Equine Therapy: Narha No More, Now PATH
The North American Riding for the Handicapped Association, also known as NARHA, originally formed in 1969, is now the Professional Association of Therapeutic Horsemanship International (PATH Intl.)
The association tagline is “Ensuring excellence and changing lives through equine-assisted activities and therapies,” and is designed to reconstruct the now outdated NARHA model. Because equine therapy is such an evolving modality, there are now a myriad of ways in which horses can be helpful in the therapeutic realm. Yet NAHRA focuses mainly on programs that are designed for handicapped riders.
However, NARHA is the oldest organization for any form of equine therapy, and therefore creates guidelines for all other equine therapy activities, including those produced solely for mental health benefit. Recognizing the obvious constriction of this setup, the NARHA Board of Directors voted for the name change for several reasons.
Primarily, PATH is a much broader based organization, allowing for regulation of many types of equine therapy, including equine assisted psychotherapy, and learning.
Secondly, the term, “handicapped” is no longer considered correct, and those who are restricted to a wheelchair prefer to be referred to as “wheelchair bound.”
Lastly, PATH is now an international organization which welcomes those from other countries also practicing equine therapy. In this way, PATH expands it’s audience and membership base in a way that includes, as oppose to excludes foreign equine therapy theoretical orientations and approaches.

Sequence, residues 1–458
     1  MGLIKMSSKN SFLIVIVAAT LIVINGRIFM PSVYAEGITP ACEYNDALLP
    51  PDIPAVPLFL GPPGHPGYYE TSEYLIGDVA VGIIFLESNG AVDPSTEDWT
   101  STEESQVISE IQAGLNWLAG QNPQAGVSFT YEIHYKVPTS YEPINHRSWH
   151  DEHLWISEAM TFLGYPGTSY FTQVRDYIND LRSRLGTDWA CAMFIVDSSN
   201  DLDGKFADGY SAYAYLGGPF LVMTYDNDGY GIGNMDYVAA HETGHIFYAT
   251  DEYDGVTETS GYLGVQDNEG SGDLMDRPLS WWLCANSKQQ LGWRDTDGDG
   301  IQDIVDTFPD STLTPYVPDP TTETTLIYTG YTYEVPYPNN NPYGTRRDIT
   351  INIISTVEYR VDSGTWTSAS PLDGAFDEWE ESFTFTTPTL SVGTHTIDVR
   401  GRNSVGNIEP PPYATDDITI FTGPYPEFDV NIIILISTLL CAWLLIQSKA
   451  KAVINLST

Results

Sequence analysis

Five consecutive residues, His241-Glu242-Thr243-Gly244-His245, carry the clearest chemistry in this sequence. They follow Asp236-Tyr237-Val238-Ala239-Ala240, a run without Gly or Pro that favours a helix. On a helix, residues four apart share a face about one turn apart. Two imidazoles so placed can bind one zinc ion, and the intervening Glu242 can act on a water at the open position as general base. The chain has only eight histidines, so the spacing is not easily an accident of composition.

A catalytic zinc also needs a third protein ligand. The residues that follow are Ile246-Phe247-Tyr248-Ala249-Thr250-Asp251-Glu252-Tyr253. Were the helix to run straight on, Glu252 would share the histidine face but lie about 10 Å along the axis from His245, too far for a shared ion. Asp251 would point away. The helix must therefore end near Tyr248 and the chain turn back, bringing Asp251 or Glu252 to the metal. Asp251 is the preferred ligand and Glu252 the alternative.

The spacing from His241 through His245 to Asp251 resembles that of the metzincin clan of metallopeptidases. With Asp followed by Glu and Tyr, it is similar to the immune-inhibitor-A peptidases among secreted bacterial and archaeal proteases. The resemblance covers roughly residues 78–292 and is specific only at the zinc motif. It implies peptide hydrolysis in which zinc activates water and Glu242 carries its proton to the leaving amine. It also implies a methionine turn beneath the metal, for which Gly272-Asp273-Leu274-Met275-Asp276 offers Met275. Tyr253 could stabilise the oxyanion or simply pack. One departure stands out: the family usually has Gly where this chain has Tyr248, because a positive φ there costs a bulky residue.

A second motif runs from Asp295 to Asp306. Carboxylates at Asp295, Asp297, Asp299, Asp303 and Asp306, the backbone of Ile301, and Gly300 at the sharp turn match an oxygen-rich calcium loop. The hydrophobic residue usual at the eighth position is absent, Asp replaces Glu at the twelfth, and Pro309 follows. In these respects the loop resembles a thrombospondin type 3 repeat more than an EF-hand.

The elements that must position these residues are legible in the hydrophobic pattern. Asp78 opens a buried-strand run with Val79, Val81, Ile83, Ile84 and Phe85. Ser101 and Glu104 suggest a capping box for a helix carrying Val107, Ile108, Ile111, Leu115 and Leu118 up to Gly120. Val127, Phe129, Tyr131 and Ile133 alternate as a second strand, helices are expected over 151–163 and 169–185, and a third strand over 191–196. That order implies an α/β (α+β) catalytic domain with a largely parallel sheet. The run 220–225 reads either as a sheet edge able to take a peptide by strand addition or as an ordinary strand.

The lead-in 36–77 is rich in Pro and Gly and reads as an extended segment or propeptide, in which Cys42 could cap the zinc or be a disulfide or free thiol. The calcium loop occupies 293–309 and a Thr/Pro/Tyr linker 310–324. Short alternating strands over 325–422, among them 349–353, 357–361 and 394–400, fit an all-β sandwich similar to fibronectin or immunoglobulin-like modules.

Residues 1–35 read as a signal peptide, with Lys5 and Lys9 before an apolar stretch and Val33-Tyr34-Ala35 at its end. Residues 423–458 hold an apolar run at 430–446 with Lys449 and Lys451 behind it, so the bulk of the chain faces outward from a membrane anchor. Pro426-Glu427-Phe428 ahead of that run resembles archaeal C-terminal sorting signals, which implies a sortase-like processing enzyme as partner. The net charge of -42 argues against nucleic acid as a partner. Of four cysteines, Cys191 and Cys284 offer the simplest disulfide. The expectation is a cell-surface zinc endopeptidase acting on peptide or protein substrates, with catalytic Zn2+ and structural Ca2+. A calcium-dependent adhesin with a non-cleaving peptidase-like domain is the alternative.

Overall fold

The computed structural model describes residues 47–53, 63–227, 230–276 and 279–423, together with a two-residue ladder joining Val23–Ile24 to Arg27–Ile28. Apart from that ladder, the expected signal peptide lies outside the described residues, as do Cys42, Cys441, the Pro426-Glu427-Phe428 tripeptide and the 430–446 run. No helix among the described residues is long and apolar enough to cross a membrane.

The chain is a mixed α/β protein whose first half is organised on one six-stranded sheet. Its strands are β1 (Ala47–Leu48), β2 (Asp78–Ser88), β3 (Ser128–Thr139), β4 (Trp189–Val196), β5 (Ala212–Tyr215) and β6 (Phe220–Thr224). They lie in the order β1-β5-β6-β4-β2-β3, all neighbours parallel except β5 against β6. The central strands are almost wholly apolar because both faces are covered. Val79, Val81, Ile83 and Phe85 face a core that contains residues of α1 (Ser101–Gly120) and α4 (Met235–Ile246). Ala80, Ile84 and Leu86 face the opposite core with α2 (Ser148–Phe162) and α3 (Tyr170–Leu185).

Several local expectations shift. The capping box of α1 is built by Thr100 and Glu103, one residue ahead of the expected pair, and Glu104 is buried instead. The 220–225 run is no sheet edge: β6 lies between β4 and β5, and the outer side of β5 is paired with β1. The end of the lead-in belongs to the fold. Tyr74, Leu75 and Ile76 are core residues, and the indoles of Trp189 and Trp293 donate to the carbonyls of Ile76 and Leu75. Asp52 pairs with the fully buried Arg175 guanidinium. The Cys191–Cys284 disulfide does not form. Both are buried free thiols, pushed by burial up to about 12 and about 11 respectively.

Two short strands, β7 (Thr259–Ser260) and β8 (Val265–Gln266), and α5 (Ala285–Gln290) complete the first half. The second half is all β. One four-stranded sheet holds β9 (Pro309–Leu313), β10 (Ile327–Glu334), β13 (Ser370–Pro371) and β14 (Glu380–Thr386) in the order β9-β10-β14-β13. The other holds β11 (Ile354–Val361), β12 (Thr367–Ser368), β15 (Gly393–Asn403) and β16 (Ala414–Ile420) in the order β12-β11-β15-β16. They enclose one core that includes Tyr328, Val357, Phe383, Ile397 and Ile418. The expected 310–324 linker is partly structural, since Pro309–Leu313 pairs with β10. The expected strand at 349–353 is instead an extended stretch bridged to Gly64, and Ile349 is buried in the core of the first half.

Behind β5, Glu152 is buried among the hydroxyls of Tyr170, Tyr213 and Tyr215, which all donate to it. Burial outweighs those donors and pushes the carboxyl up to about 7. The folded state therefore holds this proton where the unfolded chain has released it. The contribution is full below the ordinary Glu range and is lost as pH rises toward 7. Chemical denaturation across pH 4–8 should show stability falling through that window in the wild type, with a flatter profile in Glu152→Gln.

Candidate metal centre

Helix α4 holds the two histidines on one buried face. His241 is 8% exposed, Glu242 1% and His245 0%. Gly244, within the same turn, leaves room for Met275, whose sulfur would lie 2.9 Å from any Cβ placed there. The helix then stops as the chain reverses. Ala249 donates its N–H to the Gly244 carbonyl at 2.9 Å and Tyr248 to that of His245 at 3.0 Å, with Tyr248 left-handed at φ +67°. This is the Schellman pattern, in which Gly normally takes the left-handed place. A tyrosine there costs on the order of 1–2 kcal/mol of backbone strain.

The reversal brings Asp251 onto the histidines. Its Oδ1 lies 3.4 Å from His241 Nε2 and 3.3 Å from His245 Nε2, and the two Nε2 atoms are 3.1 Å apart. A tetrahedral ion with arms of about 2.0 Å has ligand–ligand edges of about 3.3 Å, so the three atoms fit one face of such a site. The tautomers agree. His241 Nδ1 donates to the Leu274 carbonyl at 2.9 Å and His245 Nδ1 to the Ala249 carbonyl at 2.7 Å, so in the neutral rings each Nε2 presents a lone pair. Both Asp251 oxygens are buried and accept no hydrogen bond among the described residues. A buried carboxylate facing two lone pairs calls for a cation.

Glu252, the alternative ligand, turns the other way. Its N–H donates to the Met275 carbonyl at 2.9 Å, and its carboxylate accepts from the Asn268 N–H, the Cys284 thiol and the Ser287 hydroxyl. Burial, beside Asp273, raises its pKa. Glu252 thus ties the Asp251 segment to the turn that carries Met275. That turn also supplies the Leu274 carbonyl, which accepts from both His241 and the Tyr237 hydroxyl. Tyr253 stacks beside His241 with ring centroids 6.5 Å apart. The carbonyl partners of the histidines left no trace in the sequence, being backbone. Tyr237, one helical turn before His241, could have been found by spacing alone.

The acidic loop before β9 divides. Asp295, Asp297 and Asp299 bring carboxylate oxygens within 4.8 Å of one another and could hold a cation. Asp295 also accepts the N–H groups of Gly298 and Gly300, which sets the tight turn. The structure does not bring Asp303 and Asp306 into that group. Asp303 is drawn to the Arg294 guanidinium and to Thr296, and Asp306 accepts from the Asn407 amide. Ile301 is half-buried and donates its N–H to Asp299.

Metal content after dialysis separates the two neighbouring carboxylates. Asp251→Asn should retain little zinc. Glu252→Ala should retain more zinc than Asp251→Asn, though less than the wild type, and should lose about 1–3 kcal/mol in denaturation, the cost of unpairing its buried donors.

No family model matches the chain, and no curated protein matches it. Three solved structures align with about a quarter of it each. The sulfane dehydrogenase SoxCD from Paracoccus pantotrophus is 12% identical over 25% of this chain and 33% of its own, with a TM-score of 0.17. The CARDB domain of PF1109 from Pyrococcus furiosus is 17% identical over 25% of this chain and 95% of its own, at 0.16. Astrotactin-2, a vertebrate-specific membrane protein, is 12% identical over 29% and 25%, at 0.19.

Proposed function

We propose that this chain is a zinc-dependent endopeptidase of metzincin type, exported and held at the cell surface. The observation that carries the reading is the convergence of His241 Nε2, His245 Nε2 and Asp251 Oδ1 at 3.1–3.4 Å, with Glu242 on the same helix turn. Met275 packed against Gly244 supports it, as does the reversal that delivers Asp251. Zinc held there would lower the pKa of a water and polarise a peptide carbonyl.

In a statement on the new PATH website, the organization states, “This name change will open doors to a myriad of inclusive possibilities and matches the growth of the equine-assisted activities and therapies (EAAT) industry. PATH Intl. vows to continue to provide its membership with an ever-evolving and progressive level of quality. The association promises that the service members receive will be positive, knowledgeable and friendly. The educational opportunities offered will continue to challenge and enlighten.”
Retaining it’s federally-registered 501(c3) nonprofit status, PATH now includes over 3,500 certified instructors and 800 member centers around the globe. Additionally, more than 6,500 PATH Intl. members help over 42,000 children and adults with physical, mental and emotional challenges find strength and independence through the power of the horse each year. In addition to therapeutic riding, PATH centers offer a number of therapeutic equine-related activities, including hippotherapy, equine-facilitated mental health, driving, interactive vaulting, competition, ground work and stable management. More recently, programs offer services in human growth and development to serve wide-ranging audiences for such educational purposes as leadership training, team building and other human capacity enhancement skills for the workplace and for daily use.
PATH also offers certification and accreditation programs, plus a wide variety of educational resources that includes a national annual conference with hundreds of attendees, the association helps members start and maintain successful EAAT programs. There are more than 30,000 volunteers, 3,500 instructors, 6,300 equines and thousands of contributors from all over the world inspiring and enriching the human spirit at PATH Intl. Centers.
With that being said, the hope is that the name changes will only enhance and promote the growth of equine therapy.
Photo by hobvias sudoneighm, available under a Creative Commons attribution license.
Dorotik-Nana, C. (2011). Equine Therapy: Narha No More, Now PATH. Psych Central. Retrieved on July 3, 2015, from http://blogs.psychcentral.com/equine-therapy/2011/07/equine-therapy-narha-no-more-now-path/